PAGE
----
Penn Station redevelopment plan moving forward despite criticism

The plan to renovate and expand Penn Station took a big step Wednesday when a key state oversight board approved the financing proposal. 

The redevelopment is estimated to cost over $20B and is promising to transform not only the transit hub but the surrounding neighborhoods as well. 

The proposal has two parts, one to improve mass transit service inside Penn Station, which has near-universal support, and the other to give indefinite tax breaks for the developer behind about 10 buildings outside of Penn Station, which does not have universal support. 

The Public Authorities Control Board (PACB) voted for a non-binding agreement on how the state will reimburse New York City for possibly billions in lost tax revenue, while board members made clear key information was missing on how the massive real state development in the area around Penn Station would be funded.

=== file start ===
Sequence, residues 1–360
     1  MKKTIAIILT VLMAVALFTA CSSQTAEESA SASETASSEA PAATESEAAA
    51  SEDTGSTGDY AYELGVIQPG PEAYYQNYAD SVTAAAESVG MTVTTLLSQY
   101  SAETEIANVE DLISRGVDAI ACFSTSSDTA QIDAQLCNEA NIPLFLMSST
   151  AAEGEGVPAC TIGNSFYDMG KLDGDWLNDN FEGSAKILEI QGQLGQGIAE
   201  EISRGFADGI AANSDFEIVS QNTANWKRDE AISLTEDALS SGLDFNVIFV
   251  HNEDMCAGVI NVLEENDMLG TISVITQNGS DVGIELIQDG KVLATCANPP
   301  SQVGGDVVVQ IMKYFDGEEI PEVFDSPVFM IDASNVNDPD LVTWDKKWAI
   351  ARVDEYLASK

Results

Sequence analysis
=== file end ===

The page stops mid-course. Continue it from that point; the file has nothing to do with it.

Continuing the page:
Will Governor Kathy Hochul's office is touting the vote as a victory, transportation experts told FOX 5 NY it wasn't the victory she, and the private developer who is also one of her campaign contributors wanted. 

Some members demanded to know how much the feds will contribute before discussing support for the non-transportation-related aspects of the Governor's plan.

Richard Ravitch, who was Lieutenant Governor and MTA Chair in the 70s and early 80s is among those calling on the state to focus on transportation improvements at Penn Station first. 

"It was premature to do this now. They should get the tunnel built. Or the toll started, or at least the memory of that. Because we need more access and we need more storage space for trains around Penn Station," Ravitch said. 

Other critics say the state is baiting the public with transit improvements at Penn to funnel taxpayer money into the hands of the private developer.